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Dispute Resolution & Employment law for employers

Maternity Action reports huge increase in maternity discrimination



The charity Maternity Action has just published a report on pregnant women and new mothers being at increased risk of redundancy.

The report quotes statistics that show that 77% of pregnant women and new mothers surveyed in 2016 complained of suffering discrimination in the workplace.  This compared to 45% in a similar study from 2005.  So the problem seems to be getting worse, not better.

Of course, it is already unlawful to make a woman redundant for reasons connected to maternity.  But legal claims can be difficult to pursue, so the report makes some recommendations of what more could be done to protect women.

Currently, employers must put women on maternity leave who are at risk of redundancy to the front of the queue for any suitable vacancies, without having to compete with other colleagues at risk (Regulation 10, Maternity and Parental Leave regulations 1999).  But this only applies during maternity leave.  Women who are pregnant, and those who have recently returned from maternity leave, do not get this advantage.  This is despite the fact that the statistics quoted in the report show that they are also very vulnerable to being made redundant.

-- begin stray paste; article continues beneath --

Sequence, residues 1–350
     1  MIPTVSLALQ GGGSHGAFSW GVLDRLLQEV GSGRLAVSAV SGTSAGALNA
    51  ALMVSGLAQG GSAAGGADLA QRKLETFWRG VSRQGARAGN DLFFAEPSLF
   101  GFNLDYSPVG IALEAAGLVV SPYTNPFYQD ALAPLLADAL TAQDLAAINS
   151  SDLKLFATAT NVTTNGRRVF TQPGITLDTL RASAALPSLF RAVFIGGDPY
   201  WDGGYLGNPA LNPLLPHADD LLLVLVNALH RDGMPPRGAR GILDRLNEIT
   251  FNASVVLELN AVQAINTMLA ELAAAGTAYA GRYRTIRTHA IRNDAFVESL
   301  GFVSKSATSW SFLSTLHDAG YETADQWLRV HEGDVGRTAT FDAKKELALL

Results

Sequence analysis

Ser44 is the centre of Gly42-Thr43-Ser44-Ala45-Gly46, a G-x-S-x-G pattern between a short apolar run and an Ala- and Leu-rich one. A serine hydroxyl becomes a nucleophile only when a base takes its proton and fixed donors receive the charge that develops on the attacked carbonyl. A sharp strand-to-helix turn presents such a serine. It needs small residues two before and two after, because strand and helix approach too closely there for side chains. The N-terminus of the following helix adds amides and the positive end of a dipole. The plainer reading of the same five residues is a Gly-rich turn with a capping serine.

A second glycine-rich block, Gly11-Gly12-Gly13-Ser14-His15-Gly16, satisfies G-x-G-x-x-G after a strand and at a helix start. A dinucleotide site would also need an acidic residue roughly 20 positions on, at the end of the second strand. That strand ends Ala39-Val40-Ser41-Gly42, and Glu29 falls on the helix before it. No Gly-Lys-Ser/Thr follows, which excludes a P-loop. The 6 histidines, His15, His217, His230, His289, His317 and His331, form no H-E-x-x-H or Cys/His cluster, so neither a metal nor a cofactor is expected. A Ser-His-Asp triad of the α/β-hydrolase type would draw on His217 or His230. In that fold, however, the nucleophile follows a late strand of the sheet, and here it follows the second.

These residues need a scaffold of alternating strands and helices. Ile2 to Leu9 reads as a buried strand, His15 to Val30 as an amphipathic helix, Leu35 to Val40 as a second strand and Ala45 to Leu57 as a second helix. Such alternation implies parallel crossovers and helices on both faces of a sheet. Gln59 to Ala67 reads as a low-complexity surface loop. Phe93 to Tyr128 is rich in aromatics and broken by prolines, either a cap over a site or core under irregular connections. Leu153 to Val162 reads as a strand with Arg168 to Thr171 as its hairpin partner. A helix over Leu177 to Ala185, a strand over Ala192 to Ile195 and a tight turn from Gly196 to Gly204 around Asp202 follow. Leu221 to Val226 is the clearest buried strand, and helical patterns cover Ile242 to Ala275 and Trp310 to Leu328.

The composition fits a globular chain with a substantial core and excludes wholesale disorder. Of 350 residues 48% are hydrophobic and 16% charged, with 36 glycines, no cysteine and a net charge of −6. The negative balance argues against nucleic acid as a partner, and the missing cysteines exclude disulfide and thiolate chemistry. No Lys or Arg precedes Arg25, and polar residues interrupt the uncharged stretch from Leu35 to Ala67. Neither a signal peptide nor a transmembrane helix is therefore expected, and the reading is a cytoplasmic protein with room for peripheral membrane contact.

The report suggest that, as an interim measure, Reg 10 protection could be extended to pregnant women and to those who have returned from maternity leave in the past 6 months.

However, the report concludes that this would be insufficient to tackle the problem.  It recommends the German model, where it is unlawful for employer to make women redundant at all while they are pregnant, on maternity leave, or have just returned to work.  There are only limited exceptions to this, such as where the business is closing.

It seems unlikely that the Government is going to opt for this German model.  But if the statistics around maternity discrimination keep getting worse, then the pressure to take action might becoming overwhelming.  In that case, extending Reg 10 protection would seem like a logical first step.

A link to the full report: